Venous ulcers are open sores that form on the skin surface when the veins underneath the skin do not push blood up to the heart properly. These ulcers are commonly seen in the lower extremities and are very slow to heal.
As the veins do not function properly, there is a backflow of blood leading to increased pressure in the veins. This prevents nutrients from reaching the tissues causing cell damage and ulcer formation.
Signs and Symptoms
Common early signs and symptoms include swelling, heaviness, and cramping in the legs; itching, a tingling sensation, or the formation of purple patches on the skin. In the later stages, shallow ulcers can form with uneven borders and the surrounding skin may appear shiny, tight, and discolored.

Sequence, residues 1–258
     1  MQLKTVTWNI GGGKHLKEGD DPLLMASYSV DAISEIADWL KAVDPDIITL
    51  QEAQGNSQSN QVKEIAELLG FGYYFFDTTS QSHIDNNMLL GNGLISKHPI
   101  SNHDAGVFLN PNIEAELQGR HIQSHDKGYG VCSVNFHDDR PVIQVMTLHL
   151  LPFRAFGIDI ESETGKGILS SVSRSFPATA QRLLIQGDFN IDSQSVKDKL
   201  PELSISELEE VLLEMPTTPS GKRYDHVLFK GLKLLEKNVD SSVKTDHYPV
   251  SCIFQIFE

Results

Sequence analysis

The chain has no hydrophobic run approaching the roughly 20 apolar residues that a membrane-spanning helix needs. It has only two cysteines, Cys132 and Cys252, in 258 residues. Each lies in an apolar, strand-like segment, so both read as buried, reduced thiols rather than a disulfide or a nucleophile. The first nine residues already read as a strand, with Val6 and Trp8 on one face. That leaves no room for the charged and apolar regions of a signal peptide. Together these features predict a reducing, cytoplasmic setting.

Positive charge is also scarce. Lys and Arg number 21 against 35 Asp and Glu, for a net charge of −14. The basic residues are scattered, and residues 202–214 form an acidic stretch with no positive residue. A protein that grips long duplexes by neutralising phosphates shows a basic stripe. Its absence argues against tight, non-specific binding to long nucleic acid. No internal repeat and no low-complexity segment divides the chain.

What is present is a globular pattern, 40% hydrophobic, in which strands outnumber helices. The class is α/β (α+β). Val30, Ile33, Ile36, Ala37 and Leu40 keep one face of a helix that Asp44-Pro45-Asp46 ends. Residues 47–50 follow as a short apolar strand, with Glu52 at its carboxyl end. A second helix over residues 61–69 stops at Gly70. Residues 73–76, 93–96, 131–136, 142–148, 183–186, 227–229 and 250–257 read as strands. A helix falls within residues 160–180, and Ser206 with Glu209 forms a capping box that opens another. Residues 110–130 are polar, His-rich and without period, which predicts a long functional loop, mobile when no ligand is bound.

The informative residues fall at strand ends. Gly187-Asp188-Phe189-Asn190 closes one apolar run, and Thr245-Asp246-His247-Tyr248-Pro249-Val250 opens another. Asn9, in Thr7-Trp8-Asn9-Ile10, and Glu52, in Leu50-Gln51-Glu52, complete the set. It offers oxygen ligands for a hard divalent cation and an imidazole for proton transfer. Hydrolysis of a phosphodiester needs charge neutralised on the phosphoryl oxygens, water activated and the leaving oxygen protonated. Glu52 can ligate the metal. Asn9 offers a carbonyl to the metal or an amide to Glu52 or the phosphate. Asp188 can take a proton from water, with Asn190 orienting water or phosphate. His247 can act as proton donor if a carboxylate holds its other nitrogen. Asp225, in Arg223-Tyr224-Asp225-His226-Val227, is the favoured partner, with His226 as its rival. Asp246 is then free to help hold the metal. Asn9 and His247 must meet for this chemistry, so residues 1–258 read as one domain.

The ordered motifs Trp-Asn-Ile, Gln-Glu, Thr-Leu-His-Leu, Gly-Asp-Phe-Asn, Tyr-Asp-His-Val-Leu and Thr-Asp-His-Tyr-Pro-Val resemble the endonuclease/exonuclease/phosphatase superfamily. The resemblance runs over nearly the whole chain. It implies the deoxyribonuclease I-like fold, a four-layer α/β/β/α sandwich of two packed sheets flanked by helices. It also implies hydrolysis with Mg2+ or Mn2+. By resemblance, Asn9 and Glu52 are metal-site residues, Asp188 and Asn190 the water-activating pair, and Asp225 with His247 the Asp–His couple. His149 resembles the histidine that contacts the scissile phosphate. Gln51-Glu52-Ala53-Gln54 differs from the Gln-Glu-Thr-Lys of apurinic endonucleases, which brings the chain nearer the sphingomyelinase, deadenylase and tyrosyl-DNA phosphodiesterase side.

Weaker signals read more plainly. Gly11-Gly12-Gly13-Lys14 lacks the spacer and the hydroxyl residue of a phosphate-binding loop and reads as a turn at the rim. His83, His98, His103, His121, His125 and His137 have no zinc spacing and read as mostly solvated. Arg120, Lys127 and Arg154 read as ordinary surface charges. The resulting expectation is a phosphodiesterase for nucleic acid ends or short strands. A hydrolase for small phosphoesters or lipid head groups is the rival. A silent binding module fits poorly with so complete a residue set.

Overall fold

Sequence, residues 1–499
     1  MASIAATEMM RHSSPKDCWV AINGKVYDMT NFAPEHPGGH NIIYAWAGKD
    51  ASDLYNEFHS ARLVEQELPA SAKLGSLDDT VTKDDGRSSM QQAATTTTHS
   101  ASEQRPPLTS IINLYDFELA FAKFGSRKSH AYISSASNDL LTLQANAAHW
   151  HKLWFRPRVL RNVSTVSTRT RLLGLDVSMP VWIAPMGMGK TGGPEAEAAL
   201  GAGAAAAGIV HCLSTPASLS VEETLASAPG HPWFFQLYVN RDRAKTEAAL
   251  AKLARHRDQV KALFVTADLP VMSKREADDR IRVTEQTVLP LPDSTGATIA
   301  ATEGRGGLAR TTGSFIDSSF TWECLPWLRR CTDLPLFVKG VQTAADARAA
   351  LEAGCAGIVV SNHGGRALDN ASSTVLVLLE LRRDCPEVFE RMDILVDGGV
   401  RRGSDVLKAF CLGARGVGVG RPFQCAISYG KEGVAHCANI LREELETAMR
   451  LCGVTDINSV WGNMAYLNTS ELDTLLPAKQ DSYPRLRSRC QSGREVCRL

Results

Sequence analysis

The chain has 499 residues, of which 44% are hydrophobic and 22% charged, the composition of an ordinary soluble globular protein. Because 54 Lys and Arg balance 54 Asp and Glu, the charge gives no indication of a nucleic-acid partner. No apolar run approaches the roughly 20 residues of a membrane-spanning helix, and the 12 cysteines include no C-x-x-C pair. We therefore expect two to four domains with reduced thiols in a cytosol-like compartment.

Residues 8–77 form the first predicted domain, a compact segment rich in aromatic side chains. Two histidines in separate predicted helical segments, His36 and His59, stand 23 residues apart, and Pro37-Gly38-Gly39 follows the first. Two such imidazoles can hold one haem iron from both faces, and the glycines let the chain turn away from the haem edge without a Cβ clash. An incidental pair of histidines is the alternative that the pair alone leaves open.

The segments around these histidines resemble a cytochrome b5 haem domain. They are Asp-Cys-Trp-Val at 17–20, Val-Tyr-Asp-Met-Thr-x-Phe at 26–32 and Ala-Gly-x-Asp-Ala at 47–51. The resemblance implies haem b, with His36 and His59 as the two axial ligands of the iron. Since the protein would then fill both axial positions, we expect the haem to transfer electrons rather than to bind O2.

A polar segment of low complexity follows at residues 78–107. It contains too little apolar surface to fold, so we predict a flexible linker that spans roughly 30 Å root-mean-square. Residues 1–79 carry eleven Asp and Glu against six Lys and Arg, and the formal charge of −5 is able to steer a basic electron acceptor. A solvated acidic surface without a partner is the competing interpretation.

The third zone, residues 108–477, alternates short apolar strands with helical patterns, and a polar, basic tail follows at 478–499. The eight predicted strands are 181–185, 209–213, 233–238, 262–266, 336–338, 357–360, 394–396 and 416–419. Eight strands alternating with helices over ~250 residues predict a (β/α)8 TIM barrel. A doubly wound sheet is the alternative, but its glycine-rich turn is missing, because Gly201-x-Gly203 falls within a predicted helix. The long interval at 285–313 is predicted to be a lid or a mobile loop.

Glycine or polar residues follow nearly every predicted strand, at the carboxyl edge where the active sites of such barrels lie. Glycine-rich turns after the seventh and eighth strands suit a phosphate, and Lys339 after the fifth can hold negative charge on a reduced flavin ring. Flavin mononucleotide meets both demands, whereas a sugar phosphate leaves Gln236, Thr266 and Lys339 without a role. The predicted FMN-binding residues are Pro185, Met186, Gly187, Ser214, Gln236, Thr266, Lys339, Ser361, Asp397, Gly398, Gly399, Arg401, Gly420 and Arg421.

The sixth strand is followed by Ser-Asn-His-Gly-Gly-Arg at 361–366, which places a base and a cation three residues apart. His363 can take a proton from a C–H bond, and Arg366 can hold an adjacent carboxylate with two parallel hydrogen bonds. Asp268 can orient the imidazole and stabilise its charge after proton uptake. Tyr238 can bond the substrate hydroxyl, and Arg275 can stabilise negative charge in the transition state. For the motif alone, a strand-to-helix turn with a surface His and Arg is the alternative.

Smoking, pregnancy, standing for long periods of time, obesity, varicose veins, old age, history of blood clots, bone fractures, burns, and serious musculoskeletal injuries increase the risk for venous ulcers.
Treatment involves keeping the wound clean and dry, applying the dressing as instructed by your doctor, moisturizing the skin, wearing compression dressing to prevent blood pooling, keeping your feet elevated a few times during the day.